Some 1883 Characters Are Based on Real People

Although the storylines of the show are fictional, a few characters of 1883 are based on real historical figures.

In a flashback to the Battle of Antietam in episode two, we briefly see General George Meade consoling James Dutton after the death of his fellow soldiers.

Played by American actor Tom Hanks, this character is based on the historical figure of the same name who was a real Army officer during the Civil War.

General George Meade character in 1883
General George Meade in 1883

Moreover, the character Marshal Jim Courtright played by Billy Bob Thornton is based on Wild West gunslinger Timothy Isaiah Courtright. Born in 1845, he was killed in a gunfight at age 42 by gunslinger and gambler Luke Short in Fort Worth, Texas.

Last but not least, cattleman Charles Goodnight who helps fight off the rustlers in episode seven is also a historical figure. Portrayed by show creator Taylor Sheridan, the character is based on the most famous Texas rancher in history.

The real Charles Goodnight fought in the Civil War, after which he became involved with breeding cattle and preserving bison.

In 1955, he was posthumously inducted into the Hall of Great Westerners of the National Cowboy & Western Heritage Museum.

Related: Why Did Tom Hanks Make a Cameo in 1883?

1883 Period Costume and makeup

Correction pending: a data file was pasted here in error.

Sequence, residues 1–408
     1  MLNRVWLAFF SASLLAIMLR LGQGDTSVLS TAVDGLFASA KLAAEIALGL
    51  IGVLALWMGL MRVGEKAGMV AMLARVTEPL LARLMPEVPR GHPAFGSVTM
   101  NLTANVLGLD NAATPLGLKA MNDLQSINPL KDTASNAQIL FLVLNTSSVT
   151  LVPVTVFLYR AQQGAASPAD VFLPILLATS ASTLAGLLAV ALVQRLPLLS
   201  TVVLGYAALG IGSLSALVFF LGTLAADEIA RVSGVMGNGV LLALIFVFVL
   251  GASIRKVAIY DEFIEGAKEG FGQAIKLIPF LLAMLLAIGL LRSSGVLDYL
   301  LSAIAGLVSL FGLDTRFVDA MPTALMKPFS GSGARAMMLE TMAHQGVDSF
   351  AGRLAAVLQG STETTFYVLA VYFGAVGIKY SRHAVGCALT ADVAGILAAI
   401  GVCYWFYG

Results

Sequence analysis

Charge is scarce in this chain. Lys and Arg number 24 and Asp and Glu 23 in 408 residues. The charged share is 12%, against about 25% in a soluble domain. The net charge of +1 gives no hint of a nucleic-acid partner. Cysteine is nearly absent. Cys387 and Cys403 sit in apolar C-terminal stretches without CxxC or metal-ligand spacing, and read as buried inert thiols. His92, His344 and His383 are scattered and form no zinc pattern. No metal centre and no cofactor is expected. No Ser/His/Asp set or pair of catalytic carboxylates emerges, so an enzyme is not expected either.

The one thing that bugged many 1883 viewers about the show was that all characters had clean, white teeth, which was very unusual in the late 1800s.

During this time period, dentistry was still largely inaccessible to most people, either because it was too expensive or too painful to bear.

Elsa Dutton and Sam on 1883

While the blinding white teeth of weathered cowboys and Indians certainly is annoying, 1883 makes up for this small blunder with well-designed costumes that match the era. However, making the character’s appearance authentic was a learning curve for both Sheridan and his crew.

In an interview with The Hollywood Reporter, costume designer Janie Bryant revealed that the actors just didn’t fit the background at first.

“I was with my team on probably the first or second day of shooting. It was all hands on deck and we were throwing fake dirt on the actors because I was like, ‘It has to be dirtier’—and we were already up to our elbows in fake dirt and distressing the material,” she said.

Where to Watch 1883

If you’re wondering where you can catch up with the Yellowstone prequel, 1883 is streaming exclusively on Paramount+.

The streaming service has recently launched outside the United States and is now available in the following countries and regions: the United Kingdom, Scandinavia, Australia, Latin America, the Middle East, and Canada.

You can subscribe to Paramount+ from your mobile, tablet, or computer to access 1883 and lots of other great shows. The service currently offers two subscription plans – Essential and Premium.

The Essential plan costs $4.99 a month or $49.99 a year and includes the entire Paramount+ library in addition to ads. The Premium plan offers the same but with limited ads for $9.99 a month or $99.99 a year.